As you may know, I’m not the biggest fan of Pinots. I mean, I’ll drink them. As I’m fond of saying about any kind of red wine, “It’s red, it’s wet, and it gets better with every glass.” And usually I lump Pinots in that category. However recently I had two opportunities to taste the BearBoat Pinot Noir, and I really enjoyed it. It could have had to do with the fact that both times I was with dear friends (which always makes wine taste better), but I found myself pleasantly surprised by the wine.

I am also a fan of blends, and Cabernet Pinotage was one I’ve never heard of. Sebeka is a wine from South Africa, that I really enjoyed… well, I should have considering fast delivery canadian pharmacy ourwayit I think I drank the whole bottle by myself. Guess that puts it into the “Red, Wet, Better with every glass” category, but I’m fairly certain I was impressed prior to the buzz kicking in.

For what it’s worth, two decent reviews for you. I promise to have more following the holidays. I have plenty to toast this year and lots of yummy wine to toast with. Stay tuned in 2008! Happy holidays!

Four Vines The Peasant 2005

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Four VinesThe Peasant 2005
$36

Wine Label says:
Temprance, like chastity, is its own punishment.
40% Mourvedre, 32% Syrah, 17% Grenache, 7% Counoise, 4% Tannat

Rabbi Tuchman says:
This Paso Robles wine gets SIX thumbs up from our dinner group. This is not a subtle wine. The descriptors going around the table were “full bodied” and “sharp.” We also smelled a smokey aroma and tasted a hint of coffee flavor. The finish was classic Syrah… peppery.

All in all, we would recommend this wine heartily.

Rutherford Ranch 2003 Cabernet Sauvignon

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Rutherford Ranch 2003 Cabernet Sauvignon
$20-ish

Wine label said:
At Rutherford Ranch we work hard and we work smart to bring you the best values in Napa Valley wine. We strive to create wines with fresh aromas, rich flavors and a smooth balanced finish. Each wine expresses the honest flavor of grapes grown in the Napa Valley.

WebWino & Wine Doc say:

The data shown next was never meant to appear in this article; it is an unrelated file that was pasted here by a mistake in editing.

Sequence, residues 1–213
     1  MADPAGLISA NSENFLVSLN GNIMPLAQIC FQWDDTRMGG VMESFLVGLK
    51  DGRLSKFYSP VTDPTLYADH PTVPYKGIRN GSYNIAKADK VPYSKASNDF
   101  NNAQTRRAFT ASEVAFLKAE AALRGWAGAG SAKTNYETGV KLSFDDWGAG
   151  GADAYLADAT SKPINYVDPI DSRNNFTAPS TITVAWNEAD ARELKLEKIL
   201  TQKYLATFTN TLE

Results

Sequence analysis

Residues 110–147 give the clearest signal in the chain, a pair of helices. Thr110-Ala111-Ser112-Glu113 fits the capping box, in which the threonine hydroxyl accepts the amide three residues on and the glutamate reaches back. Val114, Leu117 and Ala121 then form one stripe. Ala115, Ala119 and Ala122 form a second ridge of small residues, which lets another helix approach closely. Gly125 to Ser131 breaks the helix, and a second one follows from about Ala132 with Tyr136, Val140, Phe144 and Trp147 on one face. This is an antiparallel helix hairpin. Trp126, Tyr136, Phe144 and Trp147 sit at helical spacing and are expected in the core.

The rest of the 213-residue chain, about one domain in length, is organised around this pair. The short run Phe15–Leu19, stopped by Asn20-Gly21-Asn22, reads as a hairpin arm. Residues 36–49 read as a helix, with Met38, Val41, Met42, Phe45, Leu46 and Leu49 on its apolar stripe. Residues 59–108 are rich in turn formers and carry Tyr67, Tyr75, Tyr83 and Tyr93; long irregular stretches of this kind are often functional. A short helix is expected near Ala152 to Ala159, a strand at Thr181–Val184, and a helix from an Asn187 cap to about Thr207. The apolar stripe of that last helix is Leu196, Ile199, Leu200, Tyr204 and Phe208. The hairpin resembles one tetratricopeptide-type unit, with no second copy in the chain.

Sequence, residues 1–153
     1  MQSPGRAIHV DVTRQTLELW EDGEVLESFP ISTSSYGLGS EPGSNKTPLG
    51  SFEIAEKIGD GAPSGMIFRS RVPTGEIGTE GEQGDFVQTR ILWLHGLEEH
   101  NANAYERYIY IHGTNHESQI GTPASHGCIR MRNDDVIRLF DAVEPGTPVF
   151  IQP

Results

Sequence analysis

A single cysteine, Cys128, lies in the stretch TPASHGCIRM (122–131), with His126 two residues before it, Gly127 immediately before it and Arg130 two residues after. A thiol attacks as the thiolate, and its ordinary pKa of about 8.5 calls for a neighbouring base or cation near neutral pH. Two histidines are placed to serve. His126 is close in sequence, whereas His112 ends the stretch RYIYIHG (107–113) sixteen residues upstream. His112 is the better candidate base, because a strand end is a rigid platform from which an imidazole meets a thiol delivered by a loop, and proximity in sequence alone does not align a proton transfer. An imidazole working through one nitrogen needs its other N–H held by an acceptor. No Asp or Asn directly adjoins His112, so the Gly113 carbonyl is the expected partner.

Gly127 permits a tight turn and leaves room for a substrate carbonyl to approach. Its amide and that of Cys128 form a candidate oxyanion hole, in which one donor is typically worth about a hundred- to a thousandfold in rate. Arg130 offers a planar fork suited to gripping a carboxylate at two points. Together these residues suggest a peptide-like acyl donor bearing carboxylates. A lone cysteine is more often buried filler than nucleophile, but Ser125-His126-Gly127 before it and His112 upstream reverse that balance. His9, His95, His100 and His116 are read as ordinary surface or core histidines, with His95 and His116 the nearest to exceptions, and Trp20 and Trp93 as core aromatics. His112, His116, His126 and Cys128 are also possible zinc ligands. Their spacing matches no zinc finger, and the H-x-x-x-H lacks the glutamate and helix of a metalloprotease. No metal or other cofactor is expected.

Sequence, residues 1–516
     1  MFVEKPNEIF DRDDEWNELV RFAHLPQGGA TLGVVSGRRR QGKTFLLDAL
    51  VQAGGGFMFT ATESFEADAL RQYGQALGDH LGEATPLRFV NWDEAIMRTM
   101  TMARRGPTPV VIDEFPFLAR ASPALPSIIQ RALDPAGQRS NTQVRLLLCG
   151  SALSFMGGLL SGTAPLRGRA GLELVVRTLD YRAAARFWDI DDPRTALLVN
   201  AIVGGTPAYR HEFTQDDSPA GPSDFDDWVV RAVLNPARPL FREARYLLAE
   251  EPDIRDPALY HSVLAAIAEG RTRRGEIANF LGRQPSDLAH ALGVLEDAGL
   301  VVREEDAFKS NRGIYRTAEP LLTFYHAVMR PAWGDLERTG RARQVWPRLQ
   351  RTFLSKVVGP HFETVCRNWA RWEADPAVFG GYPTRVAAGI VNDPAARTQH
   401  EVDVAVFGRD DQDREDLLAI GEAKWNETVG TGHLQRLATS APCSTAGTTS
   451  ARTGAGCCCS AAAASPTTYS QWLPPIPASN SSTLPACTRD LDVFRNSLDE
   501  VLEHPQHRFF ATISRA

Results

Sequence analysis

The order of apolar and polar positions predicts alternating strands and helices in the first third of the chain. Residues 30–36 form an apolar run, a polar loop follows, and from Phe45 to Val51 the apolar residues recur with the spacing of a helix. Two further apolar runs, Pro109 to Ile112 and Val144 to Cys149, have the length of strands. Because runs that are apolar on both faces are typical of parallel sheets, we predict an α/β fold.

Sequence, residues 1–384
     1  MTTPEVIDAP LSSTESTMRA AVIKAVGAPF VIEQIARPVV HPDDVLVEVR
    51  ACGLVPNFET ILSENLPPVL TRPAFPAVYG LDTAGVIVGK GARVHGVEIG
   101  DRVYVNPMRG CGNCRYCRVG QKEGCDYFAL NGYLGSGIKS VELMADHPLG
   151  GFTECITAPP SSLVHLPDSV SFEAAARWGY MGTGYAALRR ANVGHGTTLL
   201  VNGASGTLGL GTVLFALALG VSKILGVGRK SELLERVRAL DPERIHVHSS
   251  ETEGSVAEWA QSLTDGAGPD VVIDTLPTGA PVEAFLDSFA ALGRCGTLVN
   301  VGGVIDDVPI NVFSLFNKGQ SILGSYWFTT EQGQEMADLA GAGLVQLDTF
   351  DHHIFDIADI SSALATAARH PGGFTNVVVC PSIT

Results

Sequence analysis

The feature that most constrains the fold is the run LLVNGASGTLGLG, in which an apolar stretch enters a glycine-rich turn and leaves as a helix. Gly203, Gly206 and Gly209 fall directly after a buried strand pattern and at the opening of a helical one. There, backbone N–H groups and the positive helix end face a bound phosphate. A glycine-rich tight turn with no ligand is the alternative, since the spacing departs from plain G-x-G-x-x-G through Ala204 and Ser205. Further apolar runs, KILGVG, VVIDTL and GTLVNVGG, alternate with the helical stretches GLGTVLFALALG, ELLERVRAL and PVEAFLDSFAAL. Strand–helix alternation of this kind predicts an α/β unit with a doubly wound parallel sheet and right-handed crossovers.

Was this label written by a stodgy corporate America type or what? Works hard and smart? Bring you values? Major Corporate America PR writer flags there.

Regardless, superb wine.

I had the pleasure of sharing this bottle with my trusty fellow wine reviewer, Wine Doc (you know, the one who knows what he’s talking about) and he said this Cab was, “Typical Cabernet, smooth, um… smokey cherry with a long finish. Little cherry, not a real bright cherry. I think it is worth twice the price.”

This is why I love drinking wine with Wine Doc. Because I can’t get past YUMMY. Also Wine Doc threw in this tasty morsel, that this wine was rumored to be from grapes from the Beckstoffer Vineyard, the place that Robert Parker calls “the Tenderloin of Napa Valley.” Cheers to Wine Doc, and Rutherford Ranch!

2006 Muga Roija Blanco

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2006 Muga Roija Blanco
$12.99

Wine label said:
Nothing much… it’s barrel fermented and imported by Jorge Ordonez. Whoopdeedoo.

Vineyard66 says:
As I am still researching Spanish wines, I’ve noticed that my good friend Bill from California has been spouting off about Muga Roija. Of course, he was speaking about the red wines the area is famous for. I thought I’d try to one-up him and I tried this white from the same area. Aaaaand, now I know why it is not famous for the white wine.

Muga Roija is 90% Viura, 10% Malvasia and is a pleasant dry white wine. It has some lemon acidity and is very light but ultimately undistintive. No matter. I still have plenty of time to research more Spanish reds before my trip and spend more quality time with Naia Naiades.

Tait The Ball Buster 2005

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Tait The Ball Buster 2005
$15

Wine Label says:
G’day Mates,